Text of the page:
Even the safest work environments can be susceptible to injuries and incidents. How you report these occurrences can go a long way in preventing future accidents and helping your company remain profitable.
Consider your current methods for reporting incidents:
- Do they meet OSHA standards?
- Do they emphasize timeliness and accuracy?
- Do they contain any follow-up procedures?
- Most importantly, do other team members understand how to report incidents in your absence?
What Do Good Reporting Procedures Look Like?
EHS departments may have their own tasks and procedures when it comes to executing a strategy, but incident reporting comes with its own set of legal requirements you have no control over.
Your reporting procedures should mirror those of OSHA if you want to remain compliant and avoid potential fines.
What to Report
OSHA mandates that companies are required to report a workplace fatality. You must also report any serious injury that results in hospitalization, amputation, or loss of an eye.
When to Report
All fatalities must be reported within eight hours. Other serious injuries have a 24-hour reporting window.
There are a few exceptions to this reporting window. Fatalities that occur after 30 days of a work-related incident are not required to be reported. Also, amputations, loss of an eye, or hospitalization are not required to be reported if they occur 24 hours after the incident.
How to Report
To report any of the above incidents, you can call your local OSHA office or the toll-free hotline at 1-800-321-OSHA.
You can also report a serious event online via the OSHA website.
If you’re reporting an incident online, you will need to provide your business name, names of the affected employees, time and location of the incident, a description of the incident, and the name and number of a contact person.
Federal vs State OSHA Reporting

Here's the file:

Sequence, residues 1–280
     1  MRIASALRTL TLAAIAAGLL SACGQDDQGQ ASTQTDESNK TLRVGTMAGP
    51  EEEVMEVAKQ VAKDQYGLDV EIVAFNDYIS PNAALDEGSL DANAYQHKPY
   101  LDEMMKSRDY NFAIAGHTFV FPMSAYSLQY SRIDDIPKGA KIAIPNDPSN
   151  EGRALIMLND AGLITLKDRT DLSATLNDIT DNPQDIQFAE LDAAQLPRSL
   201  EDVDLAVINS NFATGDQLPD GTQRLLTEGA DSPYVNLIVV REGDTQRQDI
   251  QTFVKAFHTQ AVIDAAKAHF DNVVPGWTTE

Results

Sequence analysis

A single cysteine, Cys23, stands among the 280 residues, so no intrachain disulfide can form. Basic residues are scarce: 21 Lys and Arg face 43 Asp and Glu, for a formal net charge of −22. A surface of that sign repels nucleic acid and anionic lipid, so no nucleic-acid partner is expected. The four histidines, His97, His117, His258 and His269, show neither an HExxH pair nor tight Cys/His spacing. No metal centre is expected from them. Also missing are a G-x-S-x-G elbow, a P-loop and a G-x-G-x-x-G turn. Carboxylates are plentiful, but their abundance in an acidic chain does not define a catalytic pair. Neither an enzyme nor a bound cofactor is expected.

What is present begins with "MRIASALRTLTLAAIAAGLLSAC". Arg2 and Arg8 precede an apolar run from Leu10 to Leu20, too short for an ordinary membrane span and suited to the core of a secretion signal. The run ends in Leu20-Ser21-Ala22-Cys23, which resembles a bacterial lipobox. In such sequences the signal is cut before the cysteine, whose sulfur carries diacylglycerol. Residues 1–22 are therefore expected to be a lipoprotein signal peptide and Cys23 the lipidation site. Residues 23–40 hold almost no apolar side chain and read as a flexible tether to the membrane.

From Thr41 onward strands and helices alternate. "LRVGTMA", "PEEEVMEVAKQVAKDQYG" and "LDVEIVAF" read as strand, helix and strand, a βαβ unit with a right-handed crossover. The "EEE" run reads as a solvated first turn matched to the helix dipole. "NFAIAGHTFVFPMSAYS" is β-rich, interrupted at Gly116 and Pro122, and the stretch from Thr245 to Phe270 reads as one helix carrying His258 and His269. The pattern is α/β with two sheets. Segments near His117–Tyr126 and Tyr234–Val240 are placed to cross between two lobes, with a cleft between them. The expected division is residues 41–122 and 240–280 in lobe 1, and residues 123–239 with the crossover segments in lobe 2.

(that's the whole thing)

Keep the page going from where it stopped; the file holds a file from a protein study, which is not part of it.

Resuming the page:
The above regulations refer to federal OSHA standards. Your state requirements may differ from federal rules. If you are in a state not covered by federal OSHA, check with your local office to determine the correct procedures.
State-adopted plans that differ from federal requirements include the following: Alaska, California, Hawaii, Kentucky, Maryland, Oregon, Utah, Virginia, and Washington.
How Safety Software Can Solve Reporting Problems
Incident reporting is a serious task that simply cannot be overlooked. Varying state requirements can complicate the process, especially if your company operates in multiple states where procedures can differ.
If you miss a report, you could be facing fines along with potential legal backlash. If you report something that doesn’t require it, you’ve spent valuable time and resources that could have been better leveraged elsewhere.
Safety Software Streamlines OSHA Reporting
Safety software provides an extra defense for reporting procedures by eliminating the guesswork when it comes to OSHA requirements.
All OSHA reporting requirements are built into the system. By following pre-established workflows, you can follow your state’s procedures step-by-step to ensure no detail is overlooked.
Not only does incident reporting software help you create reports, it also lets you view the status of each report and track your activities.
You can complete every phase of the reporting process via the software to eliminate the need for a complicated paper-based process.
EHS Insight Incident Management Software is compliant with OSHA, along with WCB and RIDDOR, in a simple, user-friendly format that doesn’t overcomplicate reporting requirements.
The Results of Paperless Reporting
As a result, you get a streamlined, paperless way to manage and monitor reporting activities without the hassle or fear you haven’t completed requirements. In addition, you save time and resources when you don’t have to process your paperwork by hand.
Nothing falls through the cracks. Plus, your team members are better positioned to handle incidents in your absence by following easy-to-use workflows.
What Does Incident Management Software Look Like in Action?
Now that you know a little about OSHA’s reporting requirements and how software can simplify the process, take a look at EHS Insight in action.
Schedule a free trial to learn more.